At NerdWallet, we adhere to strict standards of editorial integrity to help you make decisions with confidence. Many or all of the products featured here are from our partners. Here’s how we make money.
By Martine Brousse
Learn more about Martine on NerdWallet’s Ask an Advisor.
In recent years, it has become common for medical providers to request the payment of your unmet deductible or out-of-pocket cost shares in advance, either for appointments early in the year, or before receiving services at a facility.
High deductibles and out-of-pocket liabilities — the amounts a patient must pay before an insurer pays medical costs in full — have become prevalent as ever more costs are shifted to individuals and employees.
Changes mandated by the Affordable Care Act, or “Obamacare,” profoundly affect the way medicine is practiced. Transforming a vast, complex and well-established system into a cost-effective, efficient, safe, result-based one involves financial disruptions and turmoil. Uncertainty about the future of health care has created major anxiety, as many medical providers feel their livelihoods might be in jeopardy.
The reassessments of fee schedules by Medicare and commercial insurers, the downward federal budget allocation trend, rising operating costs (i.e., for pharmaceuticals, IT and labor) and payment delays due to widespread technical system implementation issues have resulted in a shortage of income for many offices. Making do with less has become a daily game, finding new revenues an endless challenge.
Providers’ point of view
Every billing department knows that early in the year, patients pay off holiday credit card bills and taxes first. Because an office cannot legally or ethically refuse to treat patients if they don’t pay their balances, getting advance payments guarantees a minimum income during those leaner months.
Some specialties such as oncology have suffered significant reductions in reimbursements in recent years. Smaller practices in particular don’t receive the bulk discounts from suppliers, extended payment deadlines or preferential insurance contracted rates that larger entities enjoy. While waiting for patients to pay their balances, many practices must rely on lines of credit or savings to make ends meet.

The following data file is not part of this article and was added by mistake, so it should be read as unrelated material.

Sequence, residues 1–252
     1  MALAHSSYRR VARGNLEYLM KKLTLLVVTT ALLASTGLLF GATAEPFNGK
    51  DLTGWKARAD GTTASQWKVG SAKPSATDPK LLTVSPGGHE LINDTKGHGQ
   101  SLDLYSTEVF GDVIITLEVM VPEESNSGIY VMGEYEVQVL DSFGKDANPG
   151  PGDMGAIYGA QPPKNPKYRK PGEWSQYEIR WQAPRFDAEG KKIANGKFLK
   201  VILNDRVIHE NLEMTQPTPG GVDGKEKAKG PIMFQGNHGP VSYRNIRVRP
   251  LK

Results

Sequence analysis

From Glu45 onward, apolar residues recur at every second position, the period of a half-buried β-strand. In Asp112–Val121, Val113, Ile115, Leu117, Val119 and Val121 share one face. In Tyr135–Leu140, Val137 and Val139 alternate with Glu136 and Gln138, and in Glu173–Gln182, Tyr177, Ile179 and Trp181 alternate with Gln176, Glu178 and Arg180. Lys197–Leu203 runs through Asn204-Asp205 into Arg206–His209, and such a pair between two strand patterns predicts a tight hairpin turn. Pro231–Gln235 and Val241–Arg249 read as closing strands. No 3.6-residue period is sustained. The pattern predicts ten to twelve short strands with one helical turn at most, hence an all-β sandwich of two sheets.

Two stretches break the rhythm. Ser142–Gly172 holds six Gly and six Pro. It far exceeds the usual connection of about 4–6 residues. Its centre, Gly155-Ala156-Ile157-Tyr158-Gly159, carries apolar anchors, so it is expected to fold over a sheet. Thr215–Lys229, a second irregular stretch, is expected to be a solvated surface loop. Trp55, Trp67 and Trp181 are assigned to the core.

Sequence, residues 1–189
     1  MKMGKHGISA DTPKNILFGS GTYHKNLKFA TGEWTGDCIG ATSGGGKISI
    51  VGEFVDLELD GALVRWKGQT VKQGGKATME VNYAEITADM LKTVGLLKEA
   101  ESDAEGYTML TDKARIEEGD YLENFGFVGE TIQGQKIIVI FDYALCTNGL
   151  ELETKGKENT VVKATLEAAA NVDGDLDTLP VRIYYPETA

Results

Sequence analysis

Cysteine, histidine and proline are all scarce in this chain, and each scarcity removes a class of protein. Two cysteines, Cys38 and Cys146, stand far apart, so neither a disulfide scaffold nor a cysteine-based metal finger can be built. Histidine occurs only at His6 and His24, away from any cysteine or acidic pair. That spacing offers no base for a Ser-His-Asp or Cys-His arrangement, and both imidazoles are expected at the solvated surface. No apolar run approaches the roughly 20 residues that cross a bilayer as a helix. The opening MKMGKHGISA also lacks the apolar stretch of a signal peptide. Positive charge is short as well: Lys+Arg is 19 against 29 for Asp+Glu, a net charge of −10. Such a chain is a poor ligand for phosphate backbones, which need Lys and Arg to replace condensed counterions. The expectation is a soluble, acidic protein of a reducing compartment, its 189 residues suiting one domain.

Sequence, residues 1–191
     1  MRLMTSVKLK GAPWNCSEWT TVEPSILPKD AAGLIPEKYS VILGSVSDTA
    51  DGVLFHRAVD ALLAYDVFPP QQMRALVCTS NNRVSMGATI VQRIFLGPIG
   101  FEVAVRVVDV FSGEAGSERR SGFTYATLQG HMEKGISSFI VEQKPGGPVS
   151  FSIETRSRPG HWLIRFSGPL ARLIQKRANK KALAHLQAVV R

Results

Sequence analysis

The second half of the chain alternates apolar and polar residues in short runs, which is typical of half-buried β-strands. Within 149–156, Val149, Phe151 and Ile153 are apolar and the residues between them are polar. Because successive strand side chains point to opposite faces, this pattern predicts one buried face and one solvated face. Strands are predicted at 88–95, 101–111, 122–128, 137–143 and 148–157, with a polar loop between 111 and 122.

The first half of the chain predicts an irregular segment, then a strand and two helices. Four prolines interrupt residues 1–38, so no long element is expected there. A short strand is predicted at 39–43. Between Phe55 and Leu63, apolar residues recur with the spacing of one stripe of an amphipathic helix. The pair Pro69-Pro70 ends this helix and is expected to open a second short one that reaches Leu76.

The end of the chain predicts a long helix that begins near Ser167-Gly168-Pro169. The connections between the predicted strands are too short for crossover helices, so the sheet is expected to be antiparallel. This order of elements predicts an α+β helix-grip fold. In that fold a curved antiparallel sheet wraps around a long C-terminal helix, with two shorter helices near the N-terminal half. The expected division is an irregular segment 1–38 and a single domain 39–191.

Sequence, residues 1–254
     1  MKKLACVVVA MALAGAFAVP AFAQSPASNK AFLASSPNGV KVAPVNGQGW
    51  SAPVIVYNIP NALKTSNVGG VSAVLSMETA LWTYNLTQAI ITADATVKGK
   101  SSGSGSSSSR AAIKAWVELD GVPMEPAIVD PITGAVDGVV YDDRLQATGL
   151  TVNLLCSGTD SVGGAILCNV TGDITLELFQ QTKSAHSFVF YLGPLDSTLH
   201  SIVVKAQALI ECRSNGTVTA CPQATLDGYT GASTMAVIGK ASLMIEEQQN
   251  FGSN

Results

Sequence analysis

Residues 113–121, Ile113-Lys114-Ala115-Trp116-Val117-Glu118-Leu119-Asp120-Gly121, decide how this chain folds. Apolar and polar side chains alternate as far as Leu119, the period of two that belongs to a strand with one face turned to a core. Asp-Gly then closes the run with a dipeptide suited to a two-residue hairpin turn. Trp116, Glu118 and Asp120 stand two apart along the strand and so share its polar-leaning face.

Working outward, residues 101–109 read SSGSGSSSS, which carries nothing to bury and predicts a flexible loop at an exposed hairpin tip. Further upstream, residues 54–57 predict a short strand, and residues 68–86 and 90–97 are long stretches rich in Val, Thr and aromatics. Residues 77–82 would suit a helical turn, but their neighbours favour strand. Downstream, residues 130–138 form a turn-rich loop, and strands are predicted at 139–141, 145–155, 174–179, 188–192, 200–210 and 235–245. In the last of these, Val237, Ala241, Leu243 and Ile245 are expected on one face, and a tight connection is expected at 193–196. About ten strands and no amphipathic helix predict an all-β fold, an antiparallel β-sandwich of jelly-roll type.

Every January brings new insurance plans, changes in regulations and a significant number of new patients, especially since the ACA implementation. The addition of staff to absorb this workload increases labor costs.
An important ACA requirement is the use of electronic health records (EHR). Monetary incentives have been offered to medical providers to purchase new systems and upgrade their software. Because they are based on payments made by Medicare in previous years, these incentives were negligible for providers who do not cater to seniors.
Costs are also surging due to a major change coming this fall. The diagnosis-coding system known as ICD-9 will be updated to a vastly expanded version; becoming fluent will challenge staff and physicians. This upgrade is expected to significantly affect or delay authorizations for care, reimbursements, coverage indications and benefit determinations. Starting on October 1, and for at least one year, providers and insurers will use two different systems to process older and newer claims.
When to refuse prepayment requests
If you have government-issued coverage (Medicare, Medicaid, Tricare), do not pay in advance. The Centers for Medicaid and Medicare Services (CMS), the governing administrator, has ruled that a patient may not be asked for any upfront payment before a claim has been processed and the specific liability determined. Your supplemental carrier might also cover it.
The only exception is the set office copay for Medicare Advantage or Tricare plans, due when services are rendered.
Patients covered under a commercial plan and only scheduled for a minor office visit or service should wait until they receive a statement, as it is unlikely they will meet their deductible. If the office cannot financially survive without that early contribution, better management might be in order.
Explain that you have already met your responsibility, or that charges for other prior services are in process, to stop these demands.
What to do if you agree
If you agree to pay, ask for a cost estimate and offer a lower amount.
Always confirm the refund policy. Will any overpayment be held and applied to another open balance or will it be refunded? If so, how long would it take? Will it be automatic or will you have to ask?
As they brace for major cash-flow disturbances in early 2015 and again in the fall, medical providers are certain to request prepayments of cost-shares. Whether you comply should be based on the likelihood and amount of your ultimate liability, as well as your insurance plan.
When in doubt, or if you need help getting the office to back off, contact your insurance company. This behavior is frowned upon, and sometimes it is prohibited by contract. A phone representative will call and demand they stop.